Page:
The song is asking my significant other to stay strong through all of this craziness because even though we’re not following the same path as everybody else, things are going to work out for us in the end. That’s where the chorus lyrics ring true and I sing “we’ll laugh about the time we lost, how fools rush in, and paper’s got it cost. My sweet Alexa, honey don’t you fret. A lot’s gone wrong but babe we ain’t finished yet”.
RUST: We LOVE the music video to this song. What can you tell us about making the video? Who were some of the people involved?
FV: The people you meet along this journey can be truly inspiring, and one of the most artistically inspiring people I’ve met over the last 10 years is my dear college friend Michael Guenther. He designed my first band’s logo over a few cheap beers on a cocktail napkin at a bar next to our college. He’s been doing my websites, cover art, and posters ever since.
When we decided to release one song off the album early to just to get ball rolling, I picked Easy Money because it was the most “left field” track on the record and it honestly just felt like a swinging TV theme song! It came together in such an amazing way with the fellas from Kung Fu crushing it. I was just so excited to get it out into the world. We decided we needed a music video and the track just screamed old school cartoon. So I called my buddy Mike and said, I think it’s time you take your art skills to a new level and make me a cartoon! The rest is history.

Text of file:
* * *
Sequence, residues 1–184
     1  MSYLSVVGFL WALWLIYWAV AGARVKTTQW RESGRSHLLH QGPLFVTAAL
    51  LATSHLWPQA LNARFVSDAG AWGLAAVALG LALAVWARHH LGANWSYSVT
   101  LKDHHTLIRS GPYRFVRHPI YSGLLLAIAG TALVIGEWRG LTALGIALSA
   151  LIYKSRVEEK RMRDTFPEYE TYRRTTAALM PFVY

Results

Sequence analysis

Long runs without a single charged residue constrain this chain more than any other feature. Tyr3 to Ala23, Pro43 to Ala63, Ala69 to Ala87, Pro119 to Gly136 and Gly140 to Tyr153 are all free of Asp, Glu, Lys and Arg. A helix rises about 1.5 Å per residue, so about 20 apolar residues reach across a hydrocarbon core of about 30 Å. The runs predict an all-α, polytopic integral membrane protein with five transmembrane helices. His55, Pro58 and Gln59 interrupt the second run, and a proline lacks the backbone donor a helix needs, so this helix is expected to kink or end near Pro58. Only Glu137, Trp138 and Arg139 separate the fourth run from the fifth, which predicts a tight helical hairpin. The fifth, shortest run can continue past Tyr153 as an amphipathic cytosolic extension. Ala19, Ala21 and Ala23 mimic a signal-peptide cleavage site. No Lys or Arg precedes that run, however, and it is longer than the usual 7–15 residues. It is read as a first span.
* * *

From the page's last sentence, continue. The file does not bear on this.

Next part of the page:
When You Gonna Come Home
RUST: Again, this song sounds like it has roots in the personal stormy waters you’ve had to negotiate. You’ve been touring a lot lately so the question we have for you is whether this song comes from forces outside of you – or inside.
FV: This song is about being emotionally involved with somebody who simply has wanderlust. As I began playing it live on my longer tours, it definitely took on a different meaning as a simple reminder that while I get to meet amazing people every time I go, I do have to leave the people that I love behind for a while.
Tonight I Must Leave Your Arms
RUST: This is absolutely our favorite song on the whole album. The instrumental narrative is just so beautiful… what was going on in your heart when you were recording this track?
FV: It sounds kind of crazy, but when I recorded the guitars and vocals for this track, I had to turn all of the lights off in the studio because I wanted to remember the night I wrote this song word for word in my head laying in my bed in the middle of the night, with a woman who meant the world to me asleep to my left.